Bankruptcy cases in our offices have a relatively short life span and our involvement in our client’s life ends soon.
When the case is over, do you dissect the case and evaluate what went right and not-so-right?
Greg Lambert, one of the authors of 3 Geeks and a LawBlog, suggested that firms conduct an After Action Review of a case, as his unit had done in the Army for field maneuvers.
Five questions were on the table:
- What was our mission?
- What actually happened?
- Why was there a difference?
- What have we learned?
- What will we do about it?
As staff in a 1000 lawyer firm, he contemplates a meeting of the lawyers involved and an examination of the project and the outcome. He called for an autopsy without blame.
For most consumer bankruptcy lawyers, these meetings could be held in the shower in the morning. But the exercise, though lonely, is no less valuable.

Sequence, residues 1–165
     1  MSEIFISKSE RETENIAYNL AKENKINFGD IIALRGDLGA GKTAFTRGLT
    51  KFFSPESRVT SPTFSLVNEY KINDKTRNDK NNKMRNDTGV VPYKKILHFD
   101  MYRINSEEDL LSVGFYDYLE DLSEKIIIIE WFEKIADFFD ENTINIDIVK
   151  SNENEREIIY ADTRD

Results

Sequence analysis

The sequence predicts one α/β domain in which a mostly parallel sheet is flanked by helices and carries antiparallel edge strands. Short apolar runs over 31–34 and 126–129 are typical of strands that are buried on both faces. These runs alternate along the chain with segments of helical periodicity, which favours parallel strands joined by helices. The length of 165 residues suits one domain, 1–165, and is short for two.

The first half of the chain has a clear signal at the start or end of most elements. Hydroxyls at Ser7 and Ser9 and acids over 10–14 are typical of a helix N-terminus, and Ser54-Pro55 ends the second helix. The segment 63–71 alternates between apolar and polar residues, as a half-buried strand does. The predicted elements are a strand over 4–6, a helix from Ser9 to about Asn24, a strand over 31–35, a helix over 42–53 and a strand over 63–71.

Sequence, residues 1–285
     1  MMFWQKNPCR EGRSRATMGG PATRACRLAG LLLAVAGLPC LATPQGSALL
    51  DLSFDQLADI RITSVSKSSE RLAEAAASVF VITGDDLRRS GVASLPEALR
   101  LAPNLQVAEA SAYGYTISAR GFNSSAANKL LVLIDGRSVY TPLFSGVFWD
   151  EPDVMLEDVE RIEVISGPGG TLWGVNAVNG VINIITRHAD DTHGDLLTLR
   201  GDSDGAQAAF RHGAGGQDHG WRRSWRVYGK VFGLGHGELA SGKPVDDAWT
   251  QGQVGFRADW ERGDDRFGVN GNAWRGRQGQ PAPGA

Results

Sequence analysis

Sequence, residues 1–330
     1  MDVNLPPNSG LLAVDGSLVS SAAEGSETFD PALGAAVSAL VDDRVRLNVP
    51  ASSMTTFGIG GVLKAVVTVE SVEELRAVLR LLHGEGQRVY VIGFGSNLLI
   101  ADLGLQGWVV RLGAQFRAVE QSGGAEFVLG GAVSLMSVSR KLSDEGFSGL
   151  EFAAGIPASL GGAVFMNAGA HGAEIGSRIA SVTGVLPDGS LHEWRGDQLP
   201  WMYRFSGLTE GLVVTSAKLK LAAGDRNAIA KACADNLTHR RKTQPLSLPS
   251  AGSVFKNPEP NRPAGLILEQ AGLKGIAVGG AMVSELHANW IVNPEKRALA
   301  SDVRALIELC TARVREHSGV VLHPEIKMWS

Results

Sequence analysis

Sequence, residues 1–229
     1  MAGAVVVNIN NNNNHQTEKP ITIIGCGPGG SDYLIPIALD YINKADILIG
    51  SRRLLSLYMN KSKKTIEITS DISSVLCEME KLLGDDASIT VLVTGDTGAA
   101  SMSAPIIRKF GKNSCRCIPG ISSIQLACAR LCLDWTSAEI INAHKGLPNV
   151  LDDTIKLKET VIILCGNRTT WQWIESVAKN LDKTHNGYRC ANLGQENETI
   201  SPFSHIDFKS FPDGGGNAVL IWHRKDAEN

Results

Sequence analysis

What went well in the case? Were there interview questions that elicited hitherto undisclosed facts? What did you miss in preparing the schedules? In preparing the client? Was there some bit of lore that should have been communicated to the client in advance?
Case in point
A case in my office this week took an unexpected turn when assets that could not be exempted turned up, after we had filed an emergency. My initial interview with the client and spouse had focused on how to protect a substantial piece of real estate that was both home and a source of retirement income.
Post petition, I saw other assets that couldn’t be exempted if we were to save the property.
Ouch! My bad.
If I’d seen this sooner, we might have been able to spend down or otherwise reconfigure the non exempt asset. Maybe not, but I’m chagrined not to have seen it and discussed it with the client sooner.
This case isn”t over, but I’ve already done an after action review and am revising our intake procedures so these issues surface sooner rather than later.